This essay examines the aesthetic dimensions of the “occult melodramas” of West African video-films by discussing how filmmakers use the technology of video to recreate the sensuous impact of daily rumors that speak to spiritual and socioeconomic anxieties. Given that these films are both recognizable to and somewhat outside world cinema categories, I suggest ways of reading the spectral affects of the films that account for the complex, conflicting forms of spirituality, eroticism, and transgression that make them so popular with their audiences. This type of a reading requires a rethinking of Western melodrama theory that presumes melodrama has emerged during a “de-sacralized” or secular context, and it necessitates a new type of African video-film criticism that takes gender and the body as a point of departure. Furthermore, I argue that in order to understand how pleasure operates in occult melodrama we must look beyond visual pleasure and toward a type of pleasure that is intimately bound to the multiple forms of anxieties and invisibilities on which the films are predicated and which they register through the inherently mutable and unstable technology of video. Therefore, through a close reading of Socrate Safo's four-part video-film Jezebel, I examine the ways in which women embody extremes, perversions, and private pleasures that are not confined to earthly realities and to the immediately visible world.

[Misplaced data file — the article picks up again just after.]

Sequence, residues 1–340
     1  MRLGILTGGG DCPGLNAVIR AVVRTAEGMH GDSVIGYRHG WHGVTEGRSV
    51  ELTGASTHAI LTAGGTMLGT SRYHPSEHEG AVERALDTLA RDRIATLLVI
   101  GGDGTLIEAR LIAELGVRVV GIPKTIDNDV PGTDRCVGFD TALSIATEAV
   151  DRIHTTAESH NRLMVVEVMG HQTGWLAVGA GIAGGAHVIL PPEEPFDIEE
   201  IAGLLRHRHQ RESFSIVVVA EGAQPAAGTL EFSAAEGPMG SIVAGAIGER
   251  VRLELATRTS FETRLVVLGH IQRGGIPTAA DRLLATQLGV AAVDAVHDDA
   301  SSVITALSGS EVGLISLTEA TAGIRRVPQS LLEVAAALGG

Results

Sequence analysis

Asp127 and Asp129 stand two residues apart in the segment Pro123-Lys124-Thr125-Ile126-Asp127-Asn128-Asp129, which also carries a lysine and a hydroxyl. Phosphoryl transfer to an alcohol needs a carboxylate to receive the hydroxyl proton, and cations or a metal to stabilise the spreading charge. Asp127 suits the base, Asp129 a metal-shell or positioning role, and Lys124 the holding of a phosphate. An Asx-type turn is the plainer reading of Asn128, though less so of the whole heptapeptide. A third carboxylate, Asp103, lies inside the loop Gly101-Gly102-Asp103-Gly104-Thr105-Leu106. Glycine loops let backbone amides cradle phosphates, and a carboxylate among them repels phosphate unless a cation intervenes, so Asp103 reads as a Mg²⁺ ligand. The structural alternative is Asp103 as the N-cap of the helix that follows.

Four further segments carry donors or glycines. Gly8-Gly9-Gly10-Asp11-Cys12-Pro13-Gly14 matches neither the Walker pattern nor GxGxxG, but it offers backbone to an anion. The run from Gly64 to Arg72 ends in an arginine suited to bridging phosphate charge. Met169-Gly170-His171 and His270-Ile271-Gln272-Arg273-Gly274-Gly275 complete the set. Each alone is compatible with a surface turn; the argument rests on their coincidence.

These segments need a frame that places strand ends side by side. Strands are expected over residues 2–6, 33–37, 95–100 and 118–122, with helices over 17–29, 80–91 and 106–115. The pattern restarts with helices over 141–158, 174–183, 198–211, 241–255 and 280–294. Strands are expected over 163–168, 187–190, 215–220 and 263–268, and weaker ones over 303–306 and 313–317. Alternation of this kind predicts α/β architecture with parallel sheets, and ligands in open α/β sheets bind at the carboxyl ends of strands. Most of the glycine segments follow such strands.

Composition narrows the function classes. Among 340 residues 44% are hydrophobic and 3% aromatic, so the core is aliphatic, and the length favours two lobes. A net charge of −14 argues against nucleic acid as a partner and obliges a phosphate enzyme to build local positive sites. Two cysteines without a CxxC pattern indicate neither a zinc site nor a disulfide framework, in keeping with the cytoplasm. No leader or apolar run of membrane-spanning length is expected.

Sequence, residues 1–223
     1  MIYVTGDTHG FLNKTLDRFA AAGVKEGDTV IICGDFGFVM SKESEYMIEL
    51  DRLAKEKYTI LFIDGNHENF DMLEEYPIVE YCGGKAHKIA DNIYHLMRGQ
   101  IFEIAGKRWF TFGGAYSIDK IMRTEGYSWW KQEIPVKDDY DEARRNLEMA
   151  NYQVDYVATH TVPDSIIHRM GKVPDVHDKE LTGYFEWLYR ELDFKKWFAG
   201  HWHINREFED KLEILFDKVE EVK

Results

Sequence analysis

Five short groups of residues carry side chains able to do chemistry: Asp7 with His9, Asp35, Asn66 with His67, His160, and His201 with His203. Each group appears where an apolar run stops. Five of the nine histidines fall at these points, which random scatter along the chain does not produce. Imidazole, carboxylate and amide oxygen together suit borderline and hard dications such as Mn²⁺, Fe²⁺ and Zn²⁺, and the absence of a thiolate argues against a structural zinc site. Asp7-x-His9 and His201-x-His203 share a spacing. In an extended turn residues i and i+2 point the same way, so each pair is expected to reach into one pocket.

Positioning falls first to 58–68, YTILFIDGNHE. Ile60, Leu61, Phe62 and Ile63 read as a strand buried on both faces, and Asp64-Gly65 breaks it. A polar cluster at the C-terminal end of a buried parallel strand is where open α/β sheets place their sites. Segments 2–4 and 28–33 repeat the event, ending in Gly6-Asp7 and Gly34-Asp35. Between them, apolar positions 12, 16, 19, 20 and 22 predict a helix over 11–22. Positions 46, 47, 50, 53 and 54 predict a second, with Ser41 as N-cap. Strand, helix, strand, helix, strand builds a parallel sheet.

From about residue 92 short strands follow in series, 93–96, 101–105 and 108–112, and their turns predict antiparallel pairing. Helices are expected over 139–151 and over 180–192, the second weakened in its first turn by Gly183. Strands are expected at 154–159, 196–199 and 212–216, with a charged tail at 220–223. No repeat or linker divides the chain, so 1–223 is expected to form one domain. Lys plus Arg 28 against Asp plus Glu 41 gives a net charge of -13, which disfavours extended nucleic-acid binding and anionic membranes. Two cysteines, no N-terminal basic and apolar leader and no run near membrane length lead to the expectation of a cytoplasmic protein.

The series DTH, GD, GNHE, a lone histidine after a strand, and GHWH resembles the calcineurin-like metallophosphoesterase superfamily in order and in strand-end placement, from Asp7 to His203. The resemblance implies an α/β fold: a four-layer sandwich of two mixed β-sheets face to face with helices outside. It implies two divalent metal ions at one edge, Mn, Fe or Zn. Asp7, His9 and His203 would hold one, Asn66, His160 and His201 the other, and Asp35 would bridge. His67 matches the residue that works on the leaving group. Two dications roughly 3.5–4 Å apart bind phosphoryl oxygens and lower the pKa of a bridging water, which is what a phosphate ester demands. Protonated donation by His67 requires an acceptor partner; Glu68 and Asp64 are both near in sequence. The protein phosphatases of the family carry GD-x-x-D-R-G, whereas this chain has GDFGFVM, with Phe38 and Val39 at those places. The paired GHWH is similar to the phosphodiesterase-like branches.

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Lindsey Green-Simms; Occult Melodramas: Spectral Affect and West African Video-Film. Camera Obscura 1 September 2012; 27 (2 (80)): 25–59. doi: https://doi.org/10.1215/02705346-1597204
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